The Guam Hotel and Restaurant Association is leading a private sector initiative that aims to conduct random COVID-19 testing among customer-facing workers and other at-risk employees.

One goal is to determine if workers at the front line are reporting to work but may actually have COVID-19 without showing symptoms, said Mary Rhodes, GHRA president.

The effort also is meant to show to the tourism markets that Guam is being proactive about keeping its workforce healthy, and away from the workplace if they fall ill. The system could also keep the government from shutting down entire industries, according to the initiative.

The plan aims to test 100% of employees at a worksite that opts in. There will be a retest after every seven to 14 days depending on when the employer wants to test again. The retest will randomly pick 15% of the workers at a worksite, according to the plan.

For now, the employers who sign up will be picking up the tab, or the cost could also be borne by the employees, depending on the arrangement in the workplace.

The private-sector initiative involves setting its own rapid engagement team for worksite testing. GHRA also partnered with American Medical Center for the initiative.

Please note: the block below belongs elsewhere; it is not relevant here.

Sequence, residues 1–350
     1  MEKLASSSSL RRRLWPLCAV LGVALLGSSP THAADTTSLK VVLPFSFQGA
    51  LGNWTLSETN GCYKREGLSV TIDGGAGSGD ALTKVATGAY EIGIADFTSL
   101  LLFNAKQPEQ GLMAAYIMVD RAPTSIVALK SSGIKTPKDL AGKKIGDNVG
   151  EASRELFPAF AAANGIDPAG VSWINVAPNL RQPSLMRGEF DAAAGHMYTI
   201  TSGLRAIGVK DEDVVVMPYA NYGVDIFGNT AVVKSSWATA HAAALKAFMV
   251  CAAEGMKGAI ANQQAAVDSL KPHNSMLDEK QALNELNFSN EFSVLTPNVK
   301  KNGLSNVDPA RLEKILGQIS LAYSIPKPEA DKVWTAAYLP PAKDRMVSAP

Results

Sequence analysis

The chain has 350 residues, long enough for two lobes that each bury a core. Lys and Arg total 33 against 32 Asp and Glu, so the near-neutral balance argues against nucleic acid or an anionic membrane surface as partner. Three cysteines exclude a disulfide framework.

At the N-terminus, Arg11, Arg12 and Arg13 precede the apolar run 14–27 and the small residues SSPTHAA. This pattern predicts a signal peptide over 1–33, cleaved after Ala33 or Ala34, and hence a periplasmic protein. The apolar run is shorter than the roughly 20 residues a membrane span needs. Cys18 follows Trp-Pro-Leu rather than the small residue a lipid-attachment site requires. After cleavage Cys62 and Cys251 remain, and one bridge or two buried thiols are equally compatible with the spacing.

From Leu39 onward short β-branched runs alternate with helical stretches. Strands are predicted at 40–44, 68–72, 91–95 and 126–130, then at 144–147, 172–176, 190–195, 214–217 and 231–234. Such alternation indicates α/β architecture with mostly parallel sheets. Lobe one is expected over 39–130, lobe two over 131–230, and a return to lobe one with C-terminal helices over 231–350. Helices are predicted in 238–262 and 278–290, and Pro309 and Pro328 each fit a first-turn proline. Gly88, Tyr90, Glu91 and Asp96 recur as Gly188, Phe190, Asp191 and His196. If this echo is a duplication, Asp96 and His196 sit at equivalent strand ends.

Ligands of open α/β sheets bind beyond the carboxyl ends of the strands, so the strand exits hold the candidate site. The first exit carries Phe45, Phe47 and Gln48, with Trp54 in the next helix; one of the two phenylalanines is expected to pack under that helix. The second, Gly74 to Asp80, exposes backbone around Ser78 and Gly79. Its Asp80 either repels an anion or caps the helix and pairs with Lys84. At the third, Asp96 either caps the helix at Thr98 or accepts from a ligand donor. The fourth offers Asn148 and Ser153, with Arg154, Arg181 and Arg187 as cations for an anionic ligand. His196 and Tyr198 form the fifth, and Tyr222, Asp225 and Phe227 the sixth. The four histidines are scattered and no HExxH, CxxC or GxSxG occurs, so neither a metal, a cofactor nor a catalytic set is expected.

A serology test will cost $55 apiece and includes a response team to go to a worksite, testing for antibodies, and using kits similar to a diabetic test kit. The antigen test costs $100 each.

The initiative aims to enlist retail, construction, hotel, restaurant, banking and other industries as well as government agencies.

Rhodes said the private sector initiative hopes to get funding support from the government of Guam using Coronavirus Aid, Relief, and Economic Security Act funds. A meeting with the governor is scheduled in the next few days, she said.

There are currently 25,000 test kits available for the private sector initiative, Rhodes said.

With GovGuam’s help, as many as 10,000 tests could be conducted

The initiative is called Ta Na Homlu I Isla-Ta or "Let’s Heal our Island."

GHRA will also work with the Department of Public Health and Social Services.

The digital data-collection platform the initiative will use has been applied in California for months now, Rhodes said. She added that the system will allow Public Health to gain information for contact tracing.

“This could be a plan for the private sector to regularly test our employees to help improve public confidence and maintain operations so we don’t have to return to shutting down businesses,” Rhodes said.


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